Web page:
ATME Affinity Group Seminars

Biostatistics Program

ATME Affinity Group Seminars

Analysis Tools and Methods for High-Throughput Genomic Data

When: 1:00 p.m. unless otherwise noted

: M4-A805/A817 unless otherwise noted

Sponsors: Chad He, Janet Stanford, Ruth Etzioni

Upcoming Seminars

Past Seminars

January 23, 2019

*Joint Biostatistics & ATME Affinity Group Seminar*

12:00 - 1:00 pm

Saonli Basu, University of Minnesota

“Estimating Variance Components in Longitudinal Family Studies with Applications to Genetic Heritability”

A longitudinal familial study with repeated measurements on relatives and can serve as a powerful resource to detect genetic association in the development of complex traits.   Modeling the covariance structure in a longitudinal family study is often quite challenging, as one needs to capture three distinct levels of dependencies. The dependency among family members at each time point, the dependency of outcomes in an individual across all time-points and modeling the outcome dependencies between two family members among different time points. Heritability measures the contribution of the additive genetic component in a trait variance.  In this talk, we investigate the challenges with joint genetic association testing and heritability estimation with longitudinal family data. We will focus on twin studies as this unique study design with MZs and DZs can separate additive genetic effects from shared environmental component and thus provides means for accurate heritability estimation. We develop a model that enables both heritability estimation and association testing with more flexible assumptions and is an extension of the traditional Falconer's approach. For our model, we propose a rapid two stage estimation procedure and a method of moments approach which can even be used to estimate variance components in a multivariate ACE model.  We compare our approach with existing approaches through extensive simulation studies and illustrate our approach on Minnesota twin studies.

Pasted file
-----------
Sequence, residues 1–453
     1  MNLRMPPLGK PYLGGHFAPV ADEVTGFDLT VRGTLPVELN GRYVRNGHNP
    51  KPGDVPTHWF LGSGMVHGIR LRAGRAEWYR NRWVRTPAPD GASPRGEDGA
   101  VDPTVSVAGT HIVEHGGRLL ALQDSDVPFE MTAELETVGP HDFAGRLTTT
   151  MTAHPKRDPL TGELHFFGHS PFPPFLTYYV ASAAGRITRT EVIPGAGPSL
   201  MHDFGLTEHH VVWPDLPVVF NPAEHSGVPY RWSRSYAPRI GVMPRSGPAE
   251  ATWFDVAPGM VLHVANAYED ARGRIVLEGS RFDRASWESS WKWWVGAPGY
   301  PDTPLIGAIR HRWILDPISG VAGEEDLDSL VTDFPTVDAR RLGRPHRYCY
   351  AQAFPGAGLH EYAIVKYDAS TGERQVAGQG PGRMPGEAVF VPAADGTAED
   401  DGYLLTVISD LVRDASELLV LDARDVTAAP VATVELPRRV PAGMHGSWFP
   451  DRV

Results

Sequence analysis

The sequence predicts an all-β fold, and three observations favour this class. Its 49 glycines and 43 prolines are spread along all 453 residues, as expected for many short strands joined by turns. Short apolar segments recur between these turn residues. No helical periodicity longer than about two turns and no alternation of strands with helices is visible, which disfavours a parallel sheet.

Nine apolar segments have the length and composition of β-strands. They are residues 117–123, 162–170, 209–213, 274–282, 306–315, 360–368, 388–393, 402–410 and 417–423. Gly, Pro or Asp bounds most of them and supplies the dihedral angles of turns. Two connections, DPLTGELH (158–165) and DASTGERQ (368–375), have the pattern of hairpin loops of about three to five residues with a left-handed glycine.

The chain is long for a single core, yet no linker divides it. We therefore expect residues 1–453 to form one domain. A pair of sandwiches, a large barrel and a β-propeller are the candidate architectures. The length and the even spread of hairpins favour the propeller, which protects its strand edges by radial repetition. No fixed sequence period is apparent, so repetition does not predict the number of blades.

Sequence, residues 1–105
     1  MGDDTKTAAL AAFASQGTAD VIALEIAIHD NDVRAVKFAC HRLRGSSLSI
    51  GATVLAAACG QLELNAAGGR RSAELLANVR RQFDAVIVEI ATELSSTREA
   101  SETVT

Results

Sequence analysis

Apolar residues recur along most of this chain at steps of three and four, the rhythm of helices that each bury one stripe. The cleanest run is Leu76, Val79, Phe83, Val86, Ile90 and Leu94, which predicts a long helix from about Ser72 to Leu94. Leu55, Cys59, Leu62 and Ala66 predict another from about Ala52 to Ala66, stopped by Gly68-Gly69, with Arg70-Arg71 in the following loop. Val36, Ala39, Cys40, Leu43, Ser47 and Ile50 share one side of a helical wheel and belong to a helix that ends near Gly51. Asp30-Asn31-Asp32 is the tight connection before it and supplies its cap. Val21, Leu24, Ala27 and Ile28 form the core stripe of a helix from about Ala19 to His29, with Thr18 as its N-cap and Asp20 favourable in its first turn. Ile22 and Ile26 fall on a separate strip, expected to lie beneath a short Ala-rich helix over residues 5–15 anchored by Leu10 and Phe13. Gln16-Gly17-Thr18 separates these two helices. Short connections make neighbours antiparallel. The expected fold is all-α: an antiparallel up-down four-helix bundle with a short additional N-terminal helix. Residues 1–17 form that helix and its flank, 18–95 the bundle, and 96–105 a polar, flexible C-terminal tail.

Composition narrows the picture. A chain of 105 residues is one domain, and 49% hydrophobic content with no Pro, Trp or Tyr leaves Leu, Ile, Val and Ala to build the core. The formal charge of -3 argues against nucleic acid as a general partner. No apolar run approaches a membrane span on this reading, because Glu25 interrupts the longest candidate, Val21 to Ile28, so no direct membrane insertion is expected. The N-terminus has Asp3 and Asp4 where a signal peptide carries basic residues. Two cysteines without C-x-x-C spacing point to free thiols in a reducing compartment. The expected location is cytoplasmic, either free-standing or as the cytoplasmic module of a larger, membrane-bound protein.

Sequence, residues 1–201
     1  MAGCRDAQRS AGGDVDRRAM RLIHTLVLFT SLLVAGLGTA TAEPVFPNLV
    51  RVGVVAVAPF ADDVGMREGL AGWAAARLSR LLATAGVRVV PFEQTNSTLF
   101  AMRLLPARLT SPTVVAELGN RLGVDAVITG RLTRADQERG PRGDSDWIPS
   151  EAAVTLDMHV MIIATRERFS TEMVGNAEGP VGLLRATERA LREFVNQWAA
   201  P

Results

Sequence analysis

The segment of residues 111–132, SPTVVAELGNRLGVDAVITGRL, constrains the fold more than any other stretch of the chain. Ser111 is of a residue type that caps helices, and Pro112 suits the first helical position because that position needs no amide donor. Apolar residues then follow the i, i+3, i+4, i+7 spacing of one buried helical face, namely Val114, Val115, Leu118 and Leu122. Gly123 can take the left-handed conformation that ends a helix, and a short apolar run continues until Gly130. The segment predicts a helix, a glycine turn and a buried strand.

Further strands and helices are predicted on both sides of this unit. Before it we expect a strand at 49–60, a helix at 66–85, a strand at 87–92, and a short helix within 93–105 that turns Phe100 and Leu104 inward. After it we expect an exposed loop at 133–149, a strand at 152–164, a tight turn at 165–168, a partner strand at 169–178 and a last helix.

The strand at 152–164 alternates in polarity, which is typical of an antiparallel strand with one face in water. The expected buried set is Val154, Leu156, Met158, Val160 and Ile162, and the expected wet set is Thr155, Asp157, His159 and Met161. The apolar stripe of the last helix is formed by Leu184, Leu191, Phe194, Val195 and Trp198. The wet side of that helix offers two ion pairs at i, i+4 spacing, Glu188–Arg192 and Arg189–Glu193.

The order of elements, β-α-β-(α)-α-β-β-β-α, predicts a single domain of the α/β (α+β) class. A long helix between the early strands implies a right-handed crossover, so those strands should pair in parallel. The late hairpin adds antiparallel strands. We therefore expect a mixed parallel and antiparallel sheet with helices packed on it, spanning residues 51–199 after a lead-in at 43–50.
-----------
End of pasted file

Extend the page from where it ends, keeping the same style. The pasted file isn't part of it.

*Special Date, Time, and Location:

December 10, 2018, 3:00 - 4:00 pm, M3-A805

Donghui Yan, University of Massachussetts Dartmouth

Randon Projection Forests

In this talk, I will introduce a new tool for data mining and inference — Random Projection Forests (rpForests). rpForests is an ensemble of random projection trees constructed recursively through a series of carefully chosen random projections. rpForests combines the power of ensemble methods and the flexibility of trees; it is simple to implement, highly scalable, and readily adapt to the geometry of the underlying data. The ensemble nature of rpForests makes it easy to run in parallel on multicore or clustered computers, with running time nearly inversely proportional to the number of cores or computers used in the computation. This complements previous development of unsupervised extension to Random Forests-Cluster Forests-which aims at clustering by random feature pursuits. One potential use of rpForests is to leverage the locality of data points captured by rpForests, which has the desired property that the probability of neighboring points being separated decays exponentially fast when the ensemble size increases. We discuss two applications along this line, fast k-nearest neighbor (kNN) search and deep representation learning in the scoring of tissue microarray images.

October 25, 2018

Teresa S. Kim, University of Washington

Neoadjuvant therapy induces a potent inflammatory and corresponding regulatory response within the sarcoma immune microenvironment

Soft tissue sarcoma is a prototype for many solid tumors, which are curable when localized, but prone to recurrence and metastasis, at which point survival is limited and more effective treatment strategies are essential. In the current project, we are utilizing multiple techniques of immunologic investigation, including multiplex immunohistochemistry (mIHC), and transcriptomic analysis with the NanoString platform, to define: (1) the immune response to sarcoma, (2) the effect of preoperative radiation and chemotherapy, and (3) the patterns of immune infiltration that predict treatment response and clinical outcome. We will discuss the benefits of each technique, our findings in sarcoma, and applicability to other solid tumors.